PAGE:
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A holistic guide to managing period pain

The statistics regarding period pain in women are high, we're talking anywhere from 45 to 95%

of menstruating women. Despite this, I often find period pain is dismissed by some health professionals because that's just something women have to deal with right?

Although period pain is super common, I don’t agree it should be classified as 'normal', because the reality is, it doesn't have to be. If your period pain is debilitating, or impacting your day to day life, it's time to have it investigated further and reach out for support.

Dysmenorrhea is the medical name we give to period pain. This mostly involves pain in the pelvic area, but the pain can also radiate impacting the legs and back. Sometimes symptoms of nausea, vomiting, diarrhoea and headaches may also be present alongside the pain. The experience of pain can vary, but some describe it as heavy, aching, cramping or stabbing.

What causes period pain?

In those with period pain, we see an increase in specific chemicals called "prostaglandins" during menstruation. Prostaglandins cause an increase in uterine muscle contractions which support the shedding of the uterine lining and stimulate our pain receptors. Prostaglandins also reduce blood flow and oxygen delivery to the uterus.

It's important to remember that other conditions can also cause pelvic pain, which is why telling women it's completely normal to be in debilitating pain each month isn’t helpful and can lead to a delayed or missed diagnosis. Conditions such as fibroids, ovarian cysts, endometriosis, adenomyosis and pelvic inflammatory disease are other conditions which can cause significant levels of pelvic pain.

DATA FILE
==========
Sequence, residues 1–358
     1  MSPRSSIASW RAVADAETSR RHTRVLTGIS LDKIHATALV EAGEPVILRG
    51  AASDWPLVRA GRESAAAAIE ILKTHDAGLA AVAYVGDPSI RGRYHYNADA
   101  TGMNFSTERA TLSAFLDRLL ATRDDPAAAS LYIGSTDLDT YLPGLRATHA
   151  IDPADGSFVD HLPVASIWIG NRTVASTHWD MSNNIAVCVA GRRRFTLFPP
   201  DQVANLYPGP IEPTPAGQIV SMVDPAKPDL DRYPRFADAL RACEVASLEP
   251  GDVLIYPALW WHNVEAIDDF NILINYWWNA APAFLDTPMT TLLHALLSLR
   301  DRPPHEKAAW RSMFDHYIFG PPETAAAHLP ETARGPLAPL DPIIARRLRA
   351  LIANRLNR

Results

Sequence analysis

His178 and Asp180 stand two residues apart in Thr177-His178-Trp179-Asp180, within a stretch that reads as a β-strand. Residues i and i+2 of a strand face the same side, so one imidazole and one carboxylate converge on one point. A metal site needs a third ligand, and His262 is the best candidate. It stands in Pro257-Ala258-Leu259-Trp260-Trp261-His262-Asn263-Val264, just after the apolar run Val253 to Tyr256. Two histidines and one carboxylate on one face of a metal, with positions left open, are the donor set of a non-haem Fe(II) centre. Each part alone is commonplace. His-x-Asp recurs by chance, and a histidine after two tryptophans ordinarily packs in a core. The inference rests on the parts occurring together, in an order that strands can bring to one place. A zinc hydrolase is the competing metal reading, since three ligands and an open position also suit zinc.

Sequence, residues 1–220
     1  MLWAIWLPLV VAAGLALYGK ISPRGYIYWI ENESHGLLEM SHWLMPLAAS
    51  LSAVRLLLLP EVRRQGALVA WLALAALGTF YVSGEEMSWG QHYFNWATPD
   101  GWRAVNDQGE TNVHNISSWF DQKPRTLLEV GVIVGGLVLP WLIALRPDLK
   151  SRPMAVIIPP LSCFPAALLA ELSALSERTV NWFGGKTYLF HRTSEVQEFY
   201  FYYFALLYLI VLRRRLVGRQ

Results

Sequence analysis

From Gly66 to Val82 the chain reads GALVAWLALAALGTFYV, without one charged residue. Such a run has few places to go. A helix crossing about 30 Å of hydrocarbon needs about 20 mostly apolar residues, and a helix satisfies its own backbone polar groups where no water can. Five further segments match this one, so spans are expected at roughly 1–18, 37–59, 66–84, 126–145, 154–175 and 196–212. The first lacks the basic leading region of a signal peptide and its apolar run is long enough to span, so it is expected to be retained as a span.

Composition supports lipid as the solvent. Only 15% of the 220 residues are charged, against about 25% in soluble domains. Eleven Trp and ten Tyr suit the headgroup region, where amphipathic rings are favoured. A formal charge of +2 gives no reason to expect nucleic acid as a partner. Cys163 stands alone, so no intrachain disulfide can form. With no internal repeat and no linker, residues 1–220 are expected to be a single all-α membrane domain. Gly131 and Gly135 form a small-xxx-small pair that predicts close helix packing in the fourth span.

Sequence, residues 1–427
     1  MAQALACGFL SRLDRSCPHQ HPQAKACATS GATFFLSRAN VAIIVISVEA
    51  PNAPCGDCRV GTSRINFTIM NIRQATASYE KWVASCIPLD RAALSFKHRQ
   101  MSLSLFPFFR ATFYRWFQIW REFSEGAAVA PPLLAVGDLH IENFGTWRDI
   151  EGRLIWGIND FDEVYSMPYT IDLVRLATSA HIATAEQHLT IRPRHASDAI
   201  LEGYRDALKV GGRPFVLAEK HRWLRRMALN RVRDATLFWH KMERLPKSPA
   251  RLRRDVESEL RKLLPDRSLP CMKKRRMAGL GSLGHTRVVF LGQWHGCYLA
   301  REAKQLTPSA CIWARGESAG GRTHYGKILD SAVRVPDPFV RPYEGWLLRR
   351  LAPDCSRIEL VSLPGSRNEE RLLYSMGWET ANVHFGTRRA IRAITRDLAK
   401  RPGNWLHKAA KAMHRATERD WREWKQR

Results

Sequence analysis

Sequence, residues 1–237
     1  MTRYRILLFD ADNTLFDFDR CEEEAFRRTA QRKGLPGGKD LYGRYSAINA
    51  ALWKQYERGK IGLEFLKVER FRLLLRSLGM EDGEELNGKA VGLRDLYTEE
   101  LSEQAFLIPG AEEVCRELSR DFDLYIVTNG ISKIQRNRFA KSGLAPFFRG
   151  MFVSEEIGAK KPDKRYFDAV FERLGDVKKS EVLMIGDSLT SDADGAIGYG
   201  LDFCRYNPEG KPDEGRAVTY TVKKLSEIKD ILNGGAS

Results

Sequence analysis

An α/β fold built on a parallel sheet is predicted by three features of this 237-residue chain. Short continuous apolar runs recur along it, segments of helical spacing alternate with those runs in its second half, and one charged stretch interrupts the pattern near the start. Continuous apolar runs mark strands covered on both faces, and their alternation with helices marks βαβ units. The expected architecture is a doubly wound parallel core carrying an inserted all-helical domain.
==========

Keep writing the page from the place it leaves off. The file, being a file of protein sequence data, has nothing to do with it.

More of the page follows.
Should I have my hormones tested?

Are there any useful tests for those with period pain? The majority of my clients experiencing pelvic pain will be referred for further investigations, sometimes this involves blood tests and ultrasounds.

In regards to testing hormones, the most important thing to remember is that we want to test on specific days of your cycle to help identify whether or not the hormones are out of balance.

For period pain in particular, I generally recommend testing about 7 days after ovulation, which shows us if oestrogen and progesterone (two very important hormones when it comes to period pain) are in balance. Some hormones however, such as LH & FSH are better tested on day 2 or 3 of your cycle, so whilst you're bleeding.

If your cycle is irregular, this can be a little tricky to predict, but ideally, test around 7 days before your expected period and make note of what day of your cycle you're on.

Some tests to consider include:

  • Oestrogen (one of our main sex hormones which if raised, can worsen period pain)

  • Progesterone (released after ovulation, we need adequate amounts for easy, manageable periods)

  • SHBG (binds to hormones making them less active)

  • Testosterone & DHEAs (these can be high in those with PCOS which is a condition that can cause menstrual issues)

  • Cortisol AM (our major stress hormone which can impair ovulation due to stress)

  • LH/FSH (hormones from the brain that support egg development & ovulation, best tested on day 2 or 3 of the cycle)

It’s important to have these results interpreted properly by someone trained in this area!

Holistic strategies for managing period pain

When managing period pain holistically I generally recommend looking at immediate pain relief and strategies to help reduce reliance on painkillers like Nurofen and Naproxen. This generally involves reducing some of those inflammatory prostaglandins we spoke about earlier and relaxing the uterine muscles.

Secondly, we need to treat the areas of the body which might be contributing to hormonal imbalances and higher amounts of inflammation in the first place. The latter is generally more individualised and may involve supporting the gut, stress levels and nutrient levels.

Nutrients to reduce period pain:

Magnesium: magnesium can be supportive in so many menstrual-related issues, and period pain is no different. The reason I love magnesium so much for period pain is that it relaxes the smooth muscles of the uterus, which can reduce the intensity of cramps. Magnesium also reduces the prostaglandins we spoke about earlier.